In Suspense #86, Captain America went on a mission "behind the Bamboo Curtain" to stop a secret weapon that the enemy was developing. There was a SHIELD (or maybe CIA or MI6) agent who was having a nervous breakdown from what Cap called "combat fatigue" (what today would be called PTSD). He recovered in time to get killed helping Cap.

The Iron Man story in that issue had him going to Manchuria or somewhere to rescue Happy Hogan, who had been kidnapped by the Mandarin, who mistook Happy for Iron Man (long story). The villain was plotting to launch an ICBM at the USA and make it look like it came from Red China. That would start WWIII, and then the Mandarin could take over the world (or what would have been left of it). Iron Man sabotaged the guidance system so that the missile boomeranged on the Mandarin.

I'm certain that there was a story a few years earlier, where Cap went to Vietnam and rescued a friend, a USAF pilot who had been shot down and captured by the NVA. It must have been in Tales of Suspense, but I don't know the issue number offhand.

Anonymous said...

Whats wrong with the Leap-Frog or Mike Murdock, Steve?
Or are we supposed to take all the other super villains and secret identity subplots seriously..?

Sure, Stan Lee might have been having an off day - funny how he had those when he wasn't working with Kirby, isn't it? - but all the same, it was drawn by the mighty Gene Colan, so while its rubbish at least its stylish rubbish, which I would quite happily pay twelve cents - even at the post-Brexit exchange rate - to read.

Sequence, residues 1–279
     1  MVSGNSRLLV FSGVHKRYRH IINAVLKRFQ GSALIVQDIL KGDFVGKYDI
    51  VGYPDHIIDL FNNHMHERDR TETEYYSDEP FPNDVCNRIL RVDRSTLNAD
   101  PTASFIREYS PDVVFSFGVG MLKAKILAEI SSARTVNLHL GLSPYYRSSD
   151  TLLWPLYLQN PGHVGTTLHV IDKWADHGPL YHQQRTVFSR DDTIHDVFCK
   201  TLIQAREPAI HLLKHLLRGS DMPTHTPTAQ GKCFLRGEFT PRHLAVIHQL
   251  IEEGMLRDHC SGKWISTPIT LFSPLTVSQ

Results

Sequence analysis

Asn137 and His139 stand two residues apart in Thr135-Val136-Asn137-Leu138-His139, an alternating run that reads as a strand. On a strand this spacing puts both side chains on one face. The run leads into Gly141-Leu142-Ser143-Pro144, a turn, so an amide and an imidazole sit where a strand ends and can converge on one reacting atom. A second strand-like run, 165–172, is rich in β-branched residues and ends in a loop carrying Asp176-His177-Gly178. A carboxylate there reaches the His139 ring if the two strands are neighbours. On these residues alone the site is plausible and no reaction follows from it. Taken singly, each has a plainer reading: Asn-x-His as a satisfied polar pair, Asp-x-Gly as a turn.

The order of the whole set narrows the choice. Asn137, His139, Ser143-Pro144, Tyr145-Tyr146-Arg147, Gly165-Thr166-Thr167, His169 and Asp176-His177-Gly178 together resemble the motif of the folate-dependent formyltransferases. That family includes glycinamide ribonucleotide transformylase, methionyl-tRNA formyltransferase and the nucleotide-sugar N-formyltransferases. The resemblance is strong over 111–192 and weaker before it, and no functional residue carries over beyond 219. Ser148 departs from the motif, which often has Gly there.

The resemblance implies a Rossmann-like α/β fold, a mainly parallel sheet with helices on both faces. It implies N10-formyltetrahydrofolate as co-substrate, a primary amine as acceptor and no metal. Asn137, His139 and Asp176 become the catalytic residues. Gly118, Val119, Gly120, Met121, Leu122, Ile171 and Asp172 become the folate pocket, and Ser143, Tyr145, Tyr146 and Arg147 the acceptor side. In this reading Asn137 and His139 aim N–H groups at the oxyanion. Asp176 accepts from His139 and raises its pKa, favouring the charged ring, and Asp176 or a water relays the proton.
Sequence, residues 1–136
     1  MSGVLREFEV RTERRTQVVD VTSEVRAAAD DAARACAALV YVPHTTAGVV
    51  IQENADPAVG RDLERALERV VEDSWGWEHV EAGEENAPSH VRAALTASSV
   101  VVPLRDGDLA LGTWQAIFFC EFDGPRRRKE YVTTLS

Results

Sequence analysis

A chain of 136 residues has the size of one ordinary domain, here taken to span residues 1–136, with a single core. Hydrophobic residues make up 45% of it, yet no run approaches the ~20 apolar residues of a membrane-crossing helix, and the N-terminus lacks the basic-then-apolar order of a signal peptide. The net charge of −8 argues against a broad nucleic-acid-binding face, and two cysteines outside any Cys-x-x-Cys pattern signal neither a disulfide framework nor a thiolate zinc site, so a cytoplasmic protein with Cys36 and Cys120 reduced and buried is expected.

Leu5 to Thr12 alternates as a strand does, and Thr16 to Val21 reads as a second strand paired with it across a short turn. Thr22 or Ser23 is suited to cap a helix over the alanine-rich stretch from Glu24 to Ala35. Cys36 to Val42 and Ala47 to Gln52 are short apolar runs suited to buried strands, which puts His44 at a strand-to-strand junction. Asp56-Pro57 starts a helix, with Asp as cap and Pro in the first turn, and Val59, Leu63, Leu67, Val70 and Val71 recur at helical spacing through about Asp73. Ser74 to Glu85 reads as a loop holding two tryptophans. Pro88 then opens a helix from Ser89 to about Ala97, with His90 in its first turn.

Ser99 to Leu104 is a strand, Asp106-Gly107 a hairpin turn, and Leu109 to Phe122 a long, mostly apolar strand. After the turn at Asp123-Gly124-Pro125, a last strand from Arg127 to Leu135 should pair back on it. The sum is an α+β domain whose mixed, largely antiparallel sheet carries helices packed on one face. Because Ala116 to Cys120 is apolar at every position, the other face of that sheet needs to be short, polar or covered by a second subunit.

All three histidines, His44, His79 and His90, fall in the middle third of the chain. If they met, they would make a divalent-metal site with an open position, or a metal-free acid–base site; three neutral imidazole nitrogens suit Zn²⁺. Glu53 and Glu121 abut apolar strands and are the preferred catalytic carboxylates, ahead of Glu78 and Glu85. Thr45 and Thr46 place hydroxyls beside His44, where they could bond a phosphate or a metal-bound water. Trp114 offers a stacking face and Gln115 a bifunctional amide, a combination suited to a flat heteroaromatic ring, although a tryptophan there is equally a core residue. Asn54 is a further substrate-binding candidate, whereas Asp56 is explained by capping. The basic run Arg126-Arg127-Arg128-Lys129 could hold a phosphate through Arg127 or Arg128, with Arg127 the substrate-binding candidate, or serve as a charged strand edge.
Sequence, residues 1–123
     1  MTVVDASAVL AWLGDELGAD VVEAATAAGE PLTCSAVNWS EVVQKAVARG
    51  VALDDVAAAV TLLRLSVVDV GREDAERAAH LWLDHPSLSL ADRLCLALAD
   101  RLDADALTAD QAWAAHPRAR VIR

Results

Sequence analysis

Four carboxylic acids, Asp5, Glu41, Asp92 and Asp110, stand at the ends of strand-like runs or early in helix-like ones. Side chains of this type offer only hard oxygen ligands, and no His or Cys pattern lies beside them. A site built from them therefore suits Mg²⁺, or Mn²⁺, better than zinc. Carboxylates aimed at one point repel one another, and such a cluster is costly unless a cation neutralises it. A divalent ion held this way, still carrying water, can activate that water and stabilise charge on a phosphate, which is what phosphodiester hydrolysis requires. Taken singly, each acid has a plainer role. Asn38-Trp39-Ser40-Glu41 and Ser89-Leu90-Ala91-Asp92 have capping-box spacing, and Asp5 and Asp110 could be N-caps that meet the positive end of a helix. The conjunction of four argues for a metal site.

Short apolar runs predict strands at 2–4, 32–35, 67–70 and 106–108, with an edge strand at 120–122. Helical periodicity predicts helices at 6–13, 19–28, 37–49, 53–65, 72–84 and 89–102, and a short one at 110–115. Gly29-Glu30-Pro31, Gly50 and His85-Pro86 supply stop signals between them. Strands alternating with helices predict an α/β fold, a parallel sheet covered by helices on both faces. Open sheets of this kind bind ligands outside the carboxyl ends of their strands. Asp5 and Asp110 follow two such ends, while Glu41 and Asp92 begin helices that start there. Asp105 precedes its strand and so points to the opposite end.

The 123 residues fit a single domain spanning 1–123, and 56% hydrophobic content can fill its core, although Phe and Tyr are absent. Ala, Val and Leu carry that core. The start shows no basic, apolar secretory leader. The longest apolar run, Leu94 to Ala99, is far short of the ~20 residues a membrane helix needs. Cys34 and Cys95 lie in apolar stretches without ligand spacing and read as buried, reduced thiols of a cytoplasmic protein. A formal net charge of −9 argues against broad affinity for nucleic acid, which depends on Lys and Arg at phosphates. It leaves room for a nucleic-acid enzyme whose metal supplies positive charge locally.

Or at least look at.


Steve W. said...

TC, thanks for all the info. I am impressed that the Mandarin was clearly conceiving his plans by watching James Bond movies.

Sean, I can only apologise to all fans of Mike Murdock and the Leap-Frog.

J, I suppose the odd thing is that, once the comic's been graded by the CGC, it won't matter that the balloon's been filled in because no one'll ever read it again, thanks to it having been slabbed and sealed, meaning it's effectively rendered unreadable from that point on.

TC said...

When I was eight, Mike Murdock and the Leap Frog didn't seem any sillier than 90% of the stuff going on in DC and Marvel comics.

Then again, when I was eight, I (and my third grade classmates) didn't realize that the Batman TV series was a campy comedy. It seemed just as dramatic to us as Gunsmoke and Dragnet.

When I was was twelve, I saw the James Bond movie "You Only Live Twice" when it was re-released on a double bill with "Thunderball." I wondered if SPECTRE got their ideas from reading Marvel comics.

But, reading Tales of Suspense #86 when I was eight, I wondered if Stan got his ideas from watching episodes of "Voyage to the Bottom of the Sea."

Anonymous said...

The Sub-Mariner story in Tales To Astonish #88 was drawn by Bill Everett, although the cover was by Gene Colan.

Steve W. said...

Thanks for the info, Anon. :)

Anonymous said...

Tales of Suspense #61 was the one where Captain America went to Vietnam and rescued a friend, an American military pilot who had been shot down and captured by the communists. Cap fought and defeated their champion Sumo wrestler.

In Avengers #18, the Kooky Quartet went to "Sin-Cong" and fought the Commissar, a Sumo-type brute.

Both issues were published in 1964 or '65, and both proved that Stan didn't know Vietnam from Japan.

Steve W. said...

Thanks for the info, Anon. I think the Robo-Commissar was the first Kooky Quartet story I ever read.